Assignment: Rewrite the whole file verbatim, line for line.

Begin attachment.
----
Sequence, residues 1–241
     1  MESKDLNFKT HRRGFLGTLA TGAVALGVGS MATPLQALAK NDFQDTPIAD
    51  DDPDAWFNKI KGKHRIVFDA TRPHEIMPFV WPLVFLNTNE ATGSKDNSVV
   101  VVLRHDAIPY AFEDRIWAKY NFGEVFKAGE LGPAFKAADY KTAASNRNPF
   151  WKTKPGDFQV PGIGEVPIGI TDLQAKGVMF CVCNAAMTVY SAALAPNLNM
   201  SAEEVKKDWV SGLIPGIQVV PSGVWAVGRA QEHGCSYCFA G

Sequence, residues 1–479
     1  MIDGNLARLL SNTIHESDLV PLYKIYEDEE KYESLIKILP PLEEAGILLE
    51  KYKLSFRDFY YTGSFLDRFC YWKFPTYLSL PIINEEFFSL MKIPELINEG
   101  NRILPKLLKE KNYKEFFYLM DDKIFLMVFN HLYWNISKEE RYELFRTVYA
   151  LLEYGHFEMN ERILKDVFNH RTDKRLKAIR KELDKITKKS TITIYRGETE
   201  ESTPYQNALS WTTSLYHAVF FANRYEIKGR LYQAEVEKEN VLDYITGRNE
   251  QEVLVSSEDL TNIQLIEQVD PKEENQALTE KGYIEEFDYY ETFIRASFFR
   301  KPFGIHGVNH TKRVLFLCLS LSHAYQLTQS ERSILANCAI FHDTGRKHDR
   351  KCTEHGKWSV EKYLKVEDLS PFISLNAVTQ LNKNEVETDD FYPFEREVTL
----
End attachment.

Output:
Sequence, residues 1–241
     1  MESKDLNFKT HRRGFLGTLA TGAVALGVGS MATPLQALAK NDFQDTPIAD
    51  DDPDAWFNKI KGKHRIVFDA TRPHEIMPFV WPLVFLNTNE ATGSKDNSVV
   101  VVLRHDAIPY AFEDRIWAKY NFGEVFKAGE LGPAFKAADY KTAASNRNPF
   151  WKTKPGDFQV PGIGEVPIGI TDLQAKGVMF CVCNAAMTVY SAALAPNLNM
   201  SAEEVKKDWV SGLIPGIQVV PSGVWAVGRA QEHGCSYCFA G

Sequence, residues 1–479
     1  MIDGNLARLL SNTIHESDLV PLYKIYEDEE KYESLIKILP PLEEAGILLE
    51  KYKLSFRDFY YTGSFLDRFC YWKFPTYLSL PIINEEFFSL MKIPELINEG
   101  NRILPKLLKE KNYKEFFYLM DDKIFLMVFN HLYWNISKEE RYELFRTVYA
   151  LLEYGHFEMN ERILKDVFNH RTDKRLKAIR KELDKITKKS TITIYRGETE
   201  ESTPYQNALS WTTSLYHAVF FANRYEIKGR LYQAEVEKEN VLDYITGRNE
   251  QEVLVSSEDL TNIQLIEQVD PKEENQALTE KGYIEEFDYY ETFIRASFFR
   301  KPFGIHGVNH TKRVLFLCLS LSHAYQLTQS ERSILANCAI FHDTGRKHDR
   351  KCTEHGKWSV EKYLKVEDLS PFISLNAVTQ LNKNEVETDD FYPFEREVTL